Profitability – Gross Profit Margin
Gross Profit Margin is deduced from subtracting Cost of Goods Sold from Revenue and then dividing that number by the Revenue and then multiplying this new number by 100 percent. In numerical terms, the formula looks like this:
GPM = [ (Revenue – Cost of Goods Sold) / Revenue ] x 100%
Profitability – Net Profit Margin
Net Profit Margin is deduced from dividing PAT (Profit After Tax) by Revenue and multiplying this new figure by 100%. In numerical terms, the formula looks like this:
NPM = (PAT / Revenue) x 100%
Profitability – EBITDA Margin
EBITDA stands for Earnings Before Interest, Taxes, Depreciation and Amortization. EBITDA Margin is deduced from adding PAT, Interest, Taxes, Depreciation, and Amortization to get a total number from those data points. Then taking this number we can divide it by Revenue and then multiplying this new number by 100%. In numerical terms, the formula looks like this:
EBITDA Margin = [ (PAT + Interest + Taxes + Depreciation + Amortization) / Revenue ] x 100%
Operating Efficiency is the measure of how profitable a company runs in terms of a system-wide approach and not just by numbers alone. In better parlance, if a company has any bottlenecks in the day-to-day operations of the business (too much outflow in accounts payable, too little inventory, etc.) they will be reflected in the Operating Efficiency metric.
This metric is deduced by dividing operating expenses by net sales and then multiplying this new number by 100. In numerical terms, this formula would look like this:
OE = Operating Expenses / Net Sales x 100
Up above, you learned that Liquidity measures how well a company can meet its short-term obligations. Solvency is the measure of how well a company can meet its long-term obligations. What are long-term obligations? Things such as machinery for a factory, notes on a company car, a mortgage on the building that the business resides in, basically any liability that has to be paid over a period longer than five years. The term “insolvent” also applies here which means that the company cannot meet its long-term obligations.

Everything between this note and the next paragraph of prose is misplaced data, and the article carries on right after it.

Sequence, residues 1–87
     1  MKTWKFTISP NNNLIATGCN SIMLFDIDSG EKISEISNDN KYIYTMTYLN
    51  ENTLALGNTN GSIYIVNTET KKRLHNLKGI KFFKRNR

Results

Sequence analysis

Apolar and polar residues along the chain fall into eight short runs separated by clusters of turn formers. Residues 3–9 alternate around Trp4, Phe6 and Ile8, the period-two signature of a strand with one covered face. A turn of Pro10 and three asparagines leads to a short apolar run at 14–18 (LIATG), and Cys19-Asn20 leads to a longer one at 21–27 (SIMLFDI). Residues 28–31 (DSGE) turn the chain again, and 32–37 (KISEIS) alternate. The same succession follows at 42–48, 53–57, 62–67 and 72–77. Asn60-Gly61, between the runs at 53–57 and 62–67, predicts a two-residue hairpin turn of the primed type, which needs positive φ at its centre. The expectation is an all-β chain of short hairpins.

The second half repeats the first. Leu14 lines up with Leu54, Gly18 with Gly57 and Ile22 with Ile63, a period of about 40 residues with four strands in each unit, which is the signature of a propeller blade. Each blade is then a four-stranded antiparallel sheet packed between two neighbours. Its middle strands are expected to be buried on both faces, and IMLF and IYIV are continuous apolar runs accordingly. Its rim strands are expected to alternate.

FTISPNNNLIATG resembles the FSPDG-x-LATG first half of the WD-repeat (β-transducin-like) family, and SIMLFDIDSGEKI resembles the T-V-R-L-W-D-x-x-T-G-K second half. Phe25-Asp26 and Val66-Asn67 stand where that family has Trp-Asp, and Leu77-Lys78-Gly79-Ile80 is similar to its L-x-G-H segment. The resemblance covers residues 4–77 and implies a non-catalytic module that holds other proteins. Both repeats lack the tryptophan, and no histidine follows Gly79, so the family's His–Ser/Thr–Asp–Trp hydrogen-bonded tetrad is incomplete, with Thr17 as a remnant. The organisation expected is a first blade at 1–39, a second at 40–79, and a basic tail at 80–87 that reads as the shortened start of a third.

The factors that determine solvency are current assets and existing liabilities. Dividing these two numbers will produce a ratio that will determine how solvent a company is. If the ratio is above 1.0, the company’s current assets are greater than what it owes in liabilities and therefore has good solvency. If the number is below 1.0, then the company owes more than it has in assets and long-term solvency health is not good. In numerical terms, the formula looks like this:
Solvency = Current Assets / Existing Liabilities
The Final Word
When determining the financial health of a company, you must always look at the fine print. Look deeper within the numbers and data with the methods listed above and you will have a greater overall picture of how well a company is doing both short-term and long-term.